Project Leader: Professor Adisa Azapagic
Project Duration: September 2008 - September 2011.
In the UK, debate surrounding energy production lies at the forefront of the political agenda, with growing emphasis on achieving an increasingly sustainable energy mix into the future. The nuclear option is especially debatable - issues such as waste management and decommissioning receive much attention. In addition, the many stakeholders interested in nuclear power display very divergent views on its sustainability. Since the turn of the century, nuclear power has received much attention globally, with many nations’ governments taking consideration of the potential benefits of new nuclear adoption. Conversely, the Fukushima nuclear disaster has led to new nuclear resistance in other nations, such as Germany, where plans have been made to stop nuclear power generation completely.
This research has aimed to help inform the debate on nuclear power and the future UK electricity mix. A multi-criteria decision support framework (developed by the SPRIng Project – www.springsustainability.org) has been used for these purposes, taking into account technical, economic, environmental and social criteria. The methodology used in this work has involved: stakeholder consultation; use of future electricity scenarios; sustainability assessment of current and future electricity options (Pressurised Water Reactor, European Pressurised Reactor, European Fast Rector, coal, gas, solar and wind power, and coal carbon capture and storage [CCS] power); assessment of future electricity scenarios based on both sustainability impacts and stakeholder (expert and public) preferences for the sustainability indicators and electricity technologies. The sustainability assessment of future nuclear power options and coal CCS power have been carried out here for the first time in a UK-specific context.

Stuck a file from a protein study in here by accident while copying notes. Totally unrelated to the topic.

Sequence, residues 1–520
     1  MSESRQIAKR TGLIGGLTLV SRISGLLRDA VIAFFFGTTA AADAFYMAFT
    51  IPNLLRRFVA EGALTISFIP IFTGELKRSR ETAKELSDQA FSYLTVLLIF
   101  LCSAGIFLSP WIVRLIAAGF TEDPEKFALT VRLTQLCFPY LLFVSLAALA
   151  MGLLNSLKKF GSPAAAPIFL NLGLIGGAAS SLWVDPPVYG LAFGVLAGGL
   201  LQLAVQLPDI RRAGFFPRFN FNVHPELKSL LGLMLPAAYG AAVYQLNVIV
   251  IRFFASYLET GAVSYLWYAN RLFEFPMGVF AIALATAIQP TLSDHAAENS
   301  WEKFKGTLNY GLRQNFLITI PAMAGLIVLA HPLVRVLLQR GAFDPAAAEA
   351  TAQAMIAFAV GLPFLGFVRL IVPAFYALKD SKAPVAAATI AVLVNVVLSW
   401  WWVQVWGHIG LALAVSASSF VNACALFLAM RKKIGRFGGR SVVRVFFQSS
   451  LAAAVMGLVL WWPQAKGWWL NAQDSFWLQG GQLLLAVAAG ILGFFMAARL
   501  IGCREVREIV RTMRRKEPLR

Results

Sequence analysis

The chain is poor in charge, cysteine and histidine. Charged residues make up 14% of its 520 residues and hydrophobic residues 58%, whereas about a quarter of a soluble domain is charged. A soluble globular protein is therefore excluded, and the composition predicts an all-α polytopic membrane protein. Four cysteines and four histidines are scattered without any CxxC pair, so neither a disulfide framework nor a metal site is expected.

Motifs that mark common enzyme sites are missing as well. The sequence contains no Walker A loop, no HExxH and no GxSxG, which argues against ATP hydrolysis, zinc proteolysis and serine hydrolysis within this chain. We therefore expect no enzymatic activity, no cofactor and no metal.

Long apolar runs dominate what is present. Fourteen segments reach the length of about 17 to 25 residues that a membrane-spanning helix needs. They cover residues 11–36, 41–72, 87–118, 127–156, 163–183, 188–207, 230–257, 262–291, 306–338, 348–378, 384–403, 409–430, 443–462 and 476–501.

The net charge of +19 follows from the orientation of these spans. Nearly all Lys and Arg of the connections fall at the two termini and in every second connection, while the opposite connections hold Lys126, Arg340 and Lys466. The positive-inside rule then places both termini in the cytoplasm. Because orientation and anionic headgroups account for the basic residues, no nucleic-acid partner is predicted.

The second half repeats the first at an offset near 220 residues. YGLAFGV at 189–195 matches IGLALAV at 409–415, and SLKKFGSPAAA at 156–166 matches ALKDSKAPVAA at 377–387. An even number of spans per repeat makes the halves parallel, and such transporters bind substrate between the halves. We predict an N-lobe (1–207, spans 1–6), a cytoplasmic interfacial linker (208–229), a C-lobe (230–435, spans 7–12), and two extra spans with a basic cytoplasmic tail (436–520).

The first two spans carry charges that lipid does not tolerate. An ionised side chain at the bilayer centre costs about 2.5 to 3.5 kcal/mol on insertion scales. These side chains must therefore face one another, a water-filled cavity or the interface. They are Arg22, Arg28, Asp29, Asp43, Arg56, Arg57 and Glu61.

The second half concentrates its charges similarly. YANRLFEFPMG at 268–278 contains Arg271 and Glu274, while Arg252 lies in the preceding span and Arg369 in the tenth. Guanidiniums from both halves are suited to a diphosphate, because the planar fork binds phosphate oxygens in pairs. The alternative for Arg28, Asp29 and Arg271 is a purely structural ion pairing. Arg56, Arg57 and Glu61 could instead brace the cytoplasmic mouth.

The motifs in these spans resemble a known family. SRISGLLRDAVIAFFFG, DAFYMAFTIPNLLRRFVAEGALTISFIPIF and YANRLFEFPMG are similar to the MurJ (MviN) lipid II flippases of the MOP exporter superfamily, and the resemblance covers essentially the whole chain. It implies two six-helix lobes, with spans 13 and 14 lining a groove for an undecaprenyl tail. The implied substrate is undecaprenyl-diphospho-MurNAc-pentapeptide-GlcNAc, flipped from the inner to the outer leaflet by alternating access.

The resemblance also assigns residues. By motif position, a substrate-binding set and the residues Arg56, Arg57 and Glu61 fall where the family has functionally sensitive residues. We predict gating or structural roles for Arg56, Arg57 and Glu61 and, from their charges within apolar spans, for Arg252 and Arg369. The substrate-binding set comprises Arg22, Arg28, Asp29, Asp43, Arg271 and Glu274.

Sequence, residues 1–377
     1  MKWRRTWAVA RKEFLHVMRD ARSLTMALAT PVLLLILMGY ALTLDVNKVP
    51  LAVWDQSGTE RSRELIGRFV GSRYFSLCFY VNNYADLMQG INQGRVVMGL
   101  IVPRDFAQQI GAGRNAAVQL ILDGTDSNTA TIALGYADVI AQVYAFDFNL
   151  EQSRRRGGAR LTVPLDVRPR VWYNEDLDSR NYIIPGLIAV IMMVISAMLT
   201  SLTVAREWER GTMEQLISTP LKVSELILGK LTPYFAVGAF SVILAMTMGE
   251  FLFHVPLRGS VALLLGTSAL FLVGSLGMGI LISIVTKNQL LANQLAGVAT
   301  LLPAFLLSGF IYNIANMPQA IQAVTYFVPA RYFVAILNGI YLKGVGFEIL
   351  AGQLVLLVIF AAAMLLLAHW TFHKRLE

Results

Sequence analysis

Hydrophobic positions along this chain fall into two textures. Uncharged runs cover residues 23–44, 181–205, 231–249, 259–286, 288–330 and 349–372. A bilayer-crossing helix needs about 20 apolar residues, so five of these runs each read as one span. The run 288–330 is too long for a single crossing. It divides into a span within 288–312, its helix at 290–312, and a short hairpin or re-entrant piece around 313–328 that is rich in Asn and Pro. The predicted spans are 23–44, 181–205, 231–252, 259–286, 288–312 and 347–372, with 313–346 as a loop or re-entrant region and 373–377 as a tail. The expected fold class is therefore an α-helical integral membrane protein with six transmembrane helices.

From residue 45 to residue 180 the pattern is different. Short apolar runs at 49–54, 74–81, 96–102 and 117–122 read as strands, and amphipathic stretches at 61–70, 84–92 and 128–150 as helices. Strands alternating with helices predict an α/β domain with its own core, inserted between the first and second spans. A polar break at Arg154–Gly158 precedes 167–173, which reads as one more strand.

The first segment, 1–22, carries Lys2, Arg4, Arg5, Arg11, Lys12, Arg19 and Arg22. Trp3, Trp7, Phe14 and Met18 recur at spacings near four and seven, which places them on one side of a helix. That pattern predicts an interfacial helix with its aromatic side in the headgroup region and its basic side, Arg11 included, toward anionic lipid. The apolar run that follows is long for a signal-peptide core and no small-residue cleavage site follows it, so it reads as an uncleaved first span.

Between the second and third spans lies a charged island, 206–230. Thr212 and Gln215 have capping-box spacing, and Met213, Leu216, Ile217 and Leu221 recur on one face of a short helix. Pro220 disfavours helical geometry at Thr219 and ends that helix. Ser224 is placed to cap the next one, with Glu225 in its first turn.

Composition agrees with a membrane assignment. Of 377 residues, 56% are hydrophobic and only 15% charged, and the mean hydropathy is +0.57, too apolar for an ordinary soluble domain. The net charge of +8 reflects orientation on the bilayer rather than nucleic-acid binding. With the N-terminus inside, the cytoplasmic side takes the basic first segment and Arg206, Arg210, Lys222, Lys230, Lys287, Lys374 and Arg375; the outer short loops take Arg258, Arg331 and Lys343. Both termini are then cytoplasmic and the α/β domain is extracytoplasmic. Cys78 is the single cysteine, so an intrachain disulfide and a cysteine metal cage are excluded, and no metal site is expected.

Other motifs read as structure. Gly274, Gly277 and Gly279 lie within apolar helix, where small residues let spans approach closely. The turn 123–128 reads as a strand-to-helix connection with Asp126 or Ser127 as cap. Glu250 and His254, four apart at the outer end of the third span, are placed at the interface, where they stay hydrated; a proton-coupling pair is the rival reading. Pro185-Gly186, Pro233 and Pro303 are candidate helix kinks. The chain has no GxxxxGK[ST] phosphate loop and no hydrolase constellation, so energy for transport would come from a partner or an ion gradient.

Based on the public and expert opinions on the importance of different sustainability indicators, results of the scenario analysis suggest that the scenario with a high penetration of low-carbon technologies (nuclear [60%] and offshore wind power [40%]) is the most sustainable. For the sample considered in this study, this finding is not sensitive to different stakeholder and public opinions on the importance of the sustainability indicators. However, when the stakeholder preferences for individual technologies are considered, scenarios with high penetration of renewables (26-40% solar and 20-48% wind) become the preferred options. This is due to the favourable stakeholder opinion on solar and wind power. In that case, the scenario with high penetration of nuclear is never the preferred option due to the low to moderate stakeholder preference for nuclear power.
Therefore, the results from this research suggest that the ‘sustainability’ of different electricity options and scenarios is highly dependent on stakeholder preferences and priorities. Thus, for successful future deployment of these options and implementation of energy policy measures, transparency of information on the impacts of electricity options is key in ensuring that stakeholder opinions are founded in the actual rather than the perceived impacts of these options.
This project is completed and the PhD dissertation can be found here.